One of the most powerful abilities of AutoCAD is the ability to place pieces of the drawing on different "Layers" which may be assigned different colors, may use different linetypes (dashed, dotted, etc.), and may be turned off or on upon the user's desire. Layers may also be "frozen" which turns off the layer and does not regenerate it when zooming in or out, thereby saving much time in making the drawing. One layer is called the "current" layer, which is the one that is currently being drawn on. In architectural drawing, it makes good sense to draw the building's walls on one layer, the doors on another, and the windows on a third. In addition, there should be separate layers for dimensions, notes, drawing hatching, symbols, title block, and furniture.
Ideally, every floor plan in a complete set of drawings will contain all information on it which is used by all disciplines: column lines, structural columns, slab edge locations, stairs, partitions, window walls, doors, dimensions, general notes, as well as pipes, ducts, electrical devices, sprinkler heads and piping, beams, joists, light fixtures, speakers, ceiling grid, access panels, etc. All of these items can be shown on the same drawing and simply frozen and thawed when needed or not. Therefore, a change to the arrangement of partitions will effect immediately the duct layout, for instance, and this will be seen by thawing both of those layers.
This ability has not formerly been available
to architects and coordination of the various disciplines' individual elements
has been fraught with potential error. The use of so-called "overlay" system
of drafting in which all partitions are drawn on one sheet, column lines
on another, and ductwork only on another has helped to alleviate some of
these problems, however, it has made the organization of the work tasks
much more difficult. Finally, with CADD, one can see every aspect of the
building together and overlaid one on top of another, in different colors,
so that coordination is greatly simplified.
How to Create Layers and Assign Colors and Linetypes to Them
The easiest method of dealing with layers
is to use the "Layer and Linetype Properties" dialogue box, which can be
invoked either by the pull-down menu by selecting "Format", and then "Layer...,"
or by clicking on the "Layers" icon on the Object Properties toolbar. Either
of these actions will bring up a well-organized dialogue box which will
allow you to create new layers, select a already-made layer to make it
current, change the color and linetype assigned to one or more layers,
freeze or thaw layers, and create new layers.
To create a new layer, select the "New" button and fill in the name. It will automatically be assigned the white color and continuous linetype.
To make a layer "current," select the layer you want to make current (only one), by picking the name with the "pick" button on the mouse. This will illuminate or highlight the line containing the layer name by turning the line blue. All layers which exist in the drawing are listed on the dialogue box "Layer Name" list. Once you have picked the layer name you want to make current, click the pick button on the "Current" box until the name you selected appears after the words "Current Layer:" in the upper left hand corner of the dialogue box. Then pick the OK box. This will take you back to the drawing.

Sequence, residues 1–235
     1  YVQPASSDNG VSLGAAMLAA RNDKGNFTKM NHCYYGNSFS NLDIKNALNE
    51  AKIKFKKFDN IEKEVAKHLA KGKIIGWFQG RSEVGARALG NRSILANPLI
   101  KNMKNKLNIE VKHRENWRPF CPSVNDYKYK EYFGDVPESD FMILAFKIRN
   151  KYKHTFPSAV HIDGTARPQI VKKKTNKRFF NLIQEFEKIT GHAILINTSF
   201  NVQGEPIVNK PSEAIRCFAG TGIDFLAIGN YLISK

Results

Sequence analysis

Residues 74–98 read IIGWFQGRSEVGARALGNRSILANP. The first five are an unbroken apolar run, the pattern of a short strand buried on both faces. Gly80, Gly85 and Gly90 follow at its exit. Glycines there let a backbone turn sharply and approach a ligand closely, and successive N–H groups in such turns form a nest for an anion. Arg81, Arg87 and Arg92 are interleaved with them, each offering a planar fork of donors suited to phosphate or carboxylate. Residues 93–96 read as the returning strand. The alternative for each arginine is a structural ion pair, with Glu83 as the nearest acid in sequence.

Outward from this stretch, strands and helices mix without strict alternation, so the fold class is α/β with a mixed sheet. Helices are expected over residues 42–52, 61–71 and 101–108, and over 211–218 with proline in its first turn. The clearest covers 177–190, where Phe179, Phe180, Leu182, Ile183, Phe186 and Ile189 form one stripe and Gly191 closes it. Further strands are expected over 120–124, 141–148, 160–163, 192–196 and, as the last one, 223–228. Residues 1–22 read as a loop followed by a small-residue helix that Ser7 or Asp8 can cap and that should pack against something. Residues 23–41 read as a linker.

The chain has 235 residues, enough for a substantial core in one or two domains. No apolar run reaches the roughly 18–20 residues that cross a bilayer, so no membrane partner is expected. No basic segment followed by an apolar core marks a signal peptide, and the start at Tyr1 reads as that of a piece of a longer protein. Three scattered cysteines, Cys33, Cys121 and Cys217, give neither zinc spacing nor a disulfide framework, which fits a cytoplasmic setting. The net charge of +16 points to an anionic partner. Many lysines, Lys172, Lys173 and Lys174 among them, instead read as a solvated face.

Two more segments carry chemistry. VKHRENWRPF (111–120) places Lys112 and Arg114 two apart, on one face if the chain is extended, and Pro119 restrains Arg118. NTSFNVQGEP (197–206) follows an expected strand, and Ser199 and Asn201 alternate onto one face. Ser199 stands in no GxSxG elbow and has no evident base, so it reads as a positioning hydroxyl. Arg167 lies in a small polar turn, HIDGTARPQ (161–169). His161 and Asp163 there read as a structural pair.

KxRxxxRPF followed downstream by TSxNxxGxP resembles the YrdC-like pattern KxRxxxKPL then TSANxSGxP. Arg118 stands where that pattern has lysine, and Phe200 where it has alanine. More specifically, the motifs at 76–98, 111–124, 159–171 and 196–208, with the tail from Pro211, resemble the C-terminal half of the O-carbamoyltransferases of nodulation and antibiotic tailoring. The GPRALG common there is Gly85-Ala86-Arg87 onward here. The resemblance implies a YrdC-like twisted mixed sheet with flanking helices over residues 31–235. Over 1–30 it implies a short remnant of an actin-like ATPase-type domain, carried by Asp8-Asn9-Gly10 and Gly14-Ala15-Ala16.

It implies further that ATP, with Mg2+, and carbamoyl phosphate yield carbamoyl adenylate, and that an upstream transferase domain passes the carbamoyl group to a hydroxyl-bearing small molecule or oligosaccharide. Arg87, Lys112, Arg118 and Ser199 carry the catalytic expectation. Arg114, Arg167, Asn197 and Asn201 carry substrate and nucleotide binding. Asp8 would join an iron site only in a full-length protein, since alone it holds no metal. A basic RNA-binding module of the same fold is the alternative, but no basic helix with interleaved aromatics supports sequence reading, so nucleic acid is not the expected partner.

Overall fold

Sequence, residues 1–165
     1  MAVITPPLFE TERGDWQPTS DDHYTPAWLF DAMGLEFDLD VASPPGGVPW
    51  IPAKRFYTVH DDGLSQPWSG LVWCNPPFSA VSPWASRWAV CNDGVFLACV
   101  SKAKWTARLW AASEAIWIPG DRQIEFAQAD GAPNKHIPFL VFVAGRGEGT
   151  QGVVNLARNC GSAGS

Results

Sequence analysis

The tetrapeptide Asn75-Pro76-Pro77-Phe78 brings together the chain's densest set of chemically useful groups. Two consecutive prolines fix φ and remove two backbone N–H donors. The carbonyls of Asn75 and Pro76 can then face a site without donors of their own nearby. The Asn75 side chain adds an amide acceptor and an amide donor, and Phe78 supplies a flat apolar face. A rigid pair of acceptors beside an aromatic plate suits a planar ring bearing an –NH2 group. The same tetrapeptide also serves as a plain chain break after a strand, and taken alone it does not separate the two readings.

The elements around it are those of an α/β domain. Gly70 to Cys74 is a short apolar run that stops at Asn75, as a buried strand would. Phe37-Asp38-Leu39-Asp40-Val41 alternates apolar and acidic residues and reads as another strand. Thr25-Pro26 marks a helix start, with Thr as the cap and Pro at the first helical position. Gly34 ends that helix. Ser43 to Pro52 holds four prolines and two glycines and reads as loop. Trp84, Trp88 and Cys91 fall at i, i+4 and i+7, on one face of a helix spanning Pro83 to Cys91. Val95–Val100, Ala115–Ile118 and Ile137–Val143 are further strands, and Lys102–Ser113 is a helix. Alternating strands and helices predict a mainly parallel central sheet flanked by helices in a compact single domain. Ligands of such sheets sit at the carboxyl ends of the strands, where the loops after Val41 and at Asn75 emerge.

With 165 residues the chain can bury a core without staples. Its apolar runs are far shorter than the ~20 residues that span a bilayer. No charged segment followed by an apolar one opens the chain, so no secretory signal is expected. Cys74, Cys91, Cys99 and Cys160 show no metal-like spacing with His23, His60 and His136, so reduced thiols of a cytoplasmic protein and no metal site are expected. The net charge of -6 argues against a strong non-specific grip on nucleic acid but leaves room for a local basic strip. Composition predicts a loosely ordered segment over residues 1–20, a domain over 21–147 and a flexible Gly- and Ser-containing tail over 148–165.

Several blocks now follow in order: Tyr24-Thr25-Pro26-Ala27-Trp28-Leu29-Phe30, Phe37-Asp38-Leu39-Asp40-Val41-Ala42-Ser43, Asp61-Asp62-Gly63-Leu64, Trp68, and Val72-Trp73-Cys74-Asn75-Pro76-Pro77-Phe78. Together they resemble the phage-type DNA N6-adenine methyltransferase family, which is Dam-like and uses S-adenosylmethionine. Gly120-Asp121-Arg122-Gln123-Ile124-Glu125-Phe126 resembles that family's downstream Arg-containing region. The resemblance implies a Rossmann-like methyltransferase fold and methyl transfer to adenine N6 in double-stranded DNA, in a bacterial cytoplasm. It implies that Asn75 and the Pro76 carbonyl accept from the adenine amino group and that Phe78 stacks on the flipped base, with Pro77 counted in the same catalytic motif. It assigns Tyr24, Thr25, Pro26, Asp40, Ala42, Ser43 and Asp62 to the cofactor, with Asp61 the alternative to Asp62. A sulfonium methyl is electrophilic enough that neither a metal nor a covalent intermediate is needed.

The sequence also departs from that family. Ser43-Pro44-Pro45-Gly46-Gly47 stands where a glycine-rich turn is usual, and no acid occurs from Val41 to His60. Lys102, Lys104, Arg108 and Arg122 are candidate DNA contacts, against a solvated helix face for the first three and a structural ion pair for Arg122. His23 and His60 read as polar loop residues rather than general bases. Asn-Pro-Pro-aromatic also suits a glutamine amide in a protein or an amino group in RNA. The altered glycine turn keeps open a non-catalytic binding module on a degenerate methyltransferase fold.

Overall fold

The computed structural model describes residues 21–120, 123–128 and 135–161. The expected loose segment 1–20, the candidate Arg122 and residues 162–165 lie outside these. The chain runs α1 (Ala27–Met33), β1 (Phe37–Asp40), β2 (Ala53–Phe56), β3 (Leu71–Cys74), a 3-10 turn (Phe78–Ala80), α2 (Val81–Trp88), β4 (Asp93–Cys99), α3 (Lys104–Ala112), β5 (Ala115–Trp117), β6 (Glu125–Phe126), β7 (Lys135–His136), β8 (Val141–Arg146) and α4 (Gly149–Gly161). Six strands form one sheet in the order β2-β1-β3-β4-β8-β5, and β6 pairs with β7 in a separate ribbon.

When a line, arc, or circle is drawn, it
is always drawn on the current layer, and is drawn in the color and the
linetype which are assigned to that layer. To change the color of a layer
or several layers at once to a new color, pick the layer or layers you
want to reassign, then pick the box to the right of one of the layer names
which has a color in it. This will bring up another nested dialogue box
which will graphically indicate all colors which are available. 256 colors
are available in AutoCAD. It does not really matter initially what color
you assign to a layer, since this can always be changed later. When a color
assigned to a layer is changed, all objects drawn on that layer change
their color at once. Assignment of color to layers is important in helping
to discern one layer from another and in setting lineweight when plotting.
1 -- red
2 -- yellow
3 -- green
4 -- cyan
5 -- blue
6 -- magenta
7 -- white
8 -- dark gray
9 -- dark red
10 -- olive drab (gray green)
11 -- dark green
12 -- dark cyan
13 -- dark blue
14 -- dark magenta
15 -- light gray
Another property of a layer which can be changed is the "linetype" associated with it. Linetype is the appearance of the line relating to its solidity or openness (solid (continuous) lines, or dotted or dashed lines). Unlike colors, however, before you can assign a particular linetype to a layer, you have to "load" them into the drawing database. You can either preload all of the linetypes or you could load them on the fly while you create the layer.
The linetypes which are commonly used in architectural drawings are the following:
DASHED ---- ---- ---- ---- ----- This is a series of short lines with spaces between them. It is used for large objects which are located beyond another object which hides it.
HIDDEN: -- -- -- -- -- -- -- -- This is just like the "DASHED" linetype with dashes and spaces between the dashes half as long as the "DASHED" linetype. This is used for smaller objects which are located above or behind the viewer.
HIDDEN2: - - - - - - - - - - - - - - - - This is just like the "HIDDEN" linetype with dashes and spaces between the dashes half as long as the "HIDDEN" linetype. This is used for objects which are located above or behind the viewer.
CENTER: ---- - ---- - ---- - ---- - ---- This is a long dash followed by a short dash. It is used for column centerlines.
PHANTOM: --- - - ---- - - ---- - - ----
This is a long dash followed by two short dashes. It is used for property
How to Change the Visibility of Layers
Turning Layers "Off" or "On"
You may turn any layer "off" or "on." An "off" layer will not be visible, thus will not plot and normally cannot be edited because objects on Off layers cannot be selected with the cursor. A good example of when this would be used is when you are working on a floor plan and want to see only the walls and doors, but do not want to see notes, column lines, furniture, door numbers, and dimensions, because they are cluttering up the drawing. The layers on which the notes, column lines, furniture, door numbers, and dimensions may be turned Off so that you have a clear view of just the walls and doors. Off layers will not plot.